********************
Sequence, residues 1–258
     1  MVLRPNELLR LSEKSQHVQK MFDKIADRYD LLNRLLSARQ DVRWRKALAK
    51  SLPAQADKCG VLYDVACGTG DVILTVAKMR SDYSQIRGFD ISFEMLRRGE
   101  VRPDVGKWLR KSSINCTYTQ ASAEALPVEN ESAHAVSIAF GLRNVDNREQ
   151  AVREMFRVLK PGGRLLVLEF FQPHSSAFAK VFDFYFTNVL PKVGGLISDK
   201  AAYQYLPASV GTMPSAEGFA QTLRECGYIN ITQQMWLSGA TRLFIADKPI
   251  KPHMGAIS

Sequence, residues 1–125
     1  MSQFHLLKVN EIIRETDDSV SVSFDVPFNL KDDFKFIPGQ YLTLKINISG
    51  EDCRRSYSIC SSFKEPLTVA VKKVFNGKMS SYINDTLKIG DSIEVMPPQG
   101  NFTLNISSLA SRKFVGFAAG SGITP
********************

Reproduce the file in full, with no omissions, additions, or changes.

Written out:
Sequence, residues 1–258
     1  MVLRPNELLR LSEKSQHVQK MFDKIADRYD LLNRLLSARQ DVRWRKALAK
    51  SLPAQADKCG VLYDVACGTG DVILTVAKMR SDYSQIRGFD ISFEMLRRGE
   101  VRPDVGKWLR KSSINCTYTQ ASAEALPVEN ESAHAVSIAF GLRNVDNREQ
   151  AVREMFRVLK PGGRLLVLEF FQPHSSAFAK VFDFYFTNVL PKVGGLISDK
   201  AAYQYLPASV GTMPSAEGFA QTLRECGYIN ITQQMWLSGA TRLFIADKPI
   251  KPHMGAIS

Sequence, residues 1–125
     1  MSQFHLLKVN EIIRETDDSV SVSFDVPFNL KDDFKFIPGQ YLTLKINISG
    51  EDCRRSYSIC SSFKEPLTVA VKKVFNGKMS SYINDTLKIG DSIEVMPPQG
   101  NFTLNISSLA SRKFVGFAAG SGITP